Little surprise, then, that when Crossman suggested protecting townscapes, he was immediately advised that this was ‘not possible’ and the notion was omitted from a paper on the forthcoming Civic Amenities Bill drafted for the government’s home affairs committee. It took the enthusiasm and vigour of two ministers, Crossman and Lord Kennet, to battle the concept through the MHLG.
Kennet, parliamentary secretary (junior minister) 1966–70, deserves a place in preservation history for the listed building consent provisions enacted in 1968 but he also had a role in the origins of conservation areas. He did not publish a diary of his time at MHLG but did write a book, Preservation, shortly after. He recounts there how he wanted ‘to have a look at what was being done in other countries’. America is not mentioned but he did look at some European countries, especially France, which he visited in 1966.
Kennet admired the zone protégé, an area within a radius of 0.5 km of a listed building, introduced as early as 1943. Inside this circle, demolition and new build has to be approved by central government. ‘Since there are no historic towns and few historic villages,’ commented Kennet, ‘without a church or chateau or other monument classé, this gives the state negative planning control of virtually the entire architectural heritage.’ The observation was a little optimistic since development beyond could intrude on longer views into and out of historic areas.
Kennet further found that a law of 1962 (usually referred to as Malraux’s law, after Andre Malraux, novelist, art theorist and minister of cultural affairs 1959–1969) had gone beyond the zones protégés. Malraux had instituted secteurs sauvegardés (areas often called ‘Malraux’) and Kennet visited three: the Marais in Paris, the Quartier St Jean in Lyon and the Quartier de la Balance in Avignon. He described the areas and conservation schemes then under way in each under development companies using public as well as private investment, and chaired by the mayor. He praised the ‘verve and comprehensiveness’ of their approach but was cautious about copying their procedures as Britain lacks ‘those powerful extensions of central government who sit beside a local authority and guide and control all its proceedings’.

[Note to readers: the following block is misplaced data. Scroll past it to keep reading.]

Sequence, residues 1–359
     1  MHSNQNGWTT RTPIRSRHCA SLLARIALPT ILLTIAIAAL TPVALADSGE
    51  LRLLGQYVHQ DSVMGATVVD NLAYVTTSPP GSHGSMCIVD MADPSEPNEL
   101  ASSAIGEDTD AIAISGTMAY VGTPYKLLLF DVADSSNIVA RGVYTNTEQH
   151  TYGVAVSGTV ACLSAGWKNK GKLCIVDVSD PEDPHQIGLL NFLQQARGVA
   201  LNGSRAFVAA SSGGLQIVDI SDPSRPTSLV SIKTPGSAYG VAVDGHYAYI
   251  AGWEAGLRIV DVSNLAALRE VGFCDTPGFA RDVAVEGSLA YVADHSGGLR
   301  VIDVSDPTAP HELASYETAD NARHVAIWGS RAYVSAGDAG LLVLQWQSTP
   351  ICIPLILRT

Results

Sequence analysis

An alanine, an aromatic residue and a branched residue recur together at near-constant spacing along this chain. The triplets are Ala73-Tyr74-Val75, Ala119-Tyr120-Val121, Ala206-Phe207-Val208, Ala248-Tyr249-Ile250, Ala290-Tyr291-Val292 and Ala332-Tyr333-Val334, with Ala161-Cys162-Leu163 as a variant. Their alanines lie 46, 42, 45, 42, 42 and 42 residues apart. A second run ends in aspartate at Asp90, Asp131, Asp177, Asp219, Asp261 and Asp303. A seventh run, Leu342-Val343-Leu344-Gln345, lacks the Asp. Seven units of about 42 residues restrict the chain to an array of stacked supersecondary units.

What the junior minister might not have expected in 1966 was the vast difference in numbers between secteurs sauvegardés and conservation areas. There are just 97 ‘Malraux’ and even adding the 650 zones de protection du patrimoine architectural, urbain et paysager (ZPPAUP) introduced in 1983 and aires de mise en valeur de l’architecture et du patrimoine (AVAP) that superseded ZPPAUPs from 2010, the total is tiny against the over 9,000 conservation areas in the UK.
The Crossman/Kennet (not to mention Duncan Sandys, MP and president of the Civic Trust, who introduced the bill) route with local designation proved hugely popular. The relatively few French areas are more likely to be surveyed and evaluated and to have improvement programmes, but the more profuse British areas at least exist with a measure of protection, even if many have not progressed from boundaries on a map.
Any discussion of European antecedents of conservation areas should give an honourable mention to the former Czechoslovakia, which designated 40 urban conservation sites as early as 1950 (30 in what is now the Czech Republic and 10 in what is now Slovakia). Fourteen of the Czech 30 formed the Association of Historical Settlements in Bohemia, Moravia and Silesia (SHS CMS) in 1990.
How influential American and European antecedents were in the introduction of conservation areas is hard to gauge. In the debate of over four hours on the Second Reading of the Civic Amenities Bill (8 July 1966) there was no reference to the Vieux Carré, the Malraux or any other precedent – not even from Sandys, an avowed European. But it seems likely that Kennet’s French studies would have strengthened his and Crossman’s hand in winning over MHLG and government support for the private members’ bill, and convincing doubters that area conservation was feasible and worthwhile.
This article originally appeared in IHBC's Context 148, March 2017. It was written by Timothy Cantell, a planner, writer and design review manager who worked at the Civic Trust under Duncan Sandys’ presidency.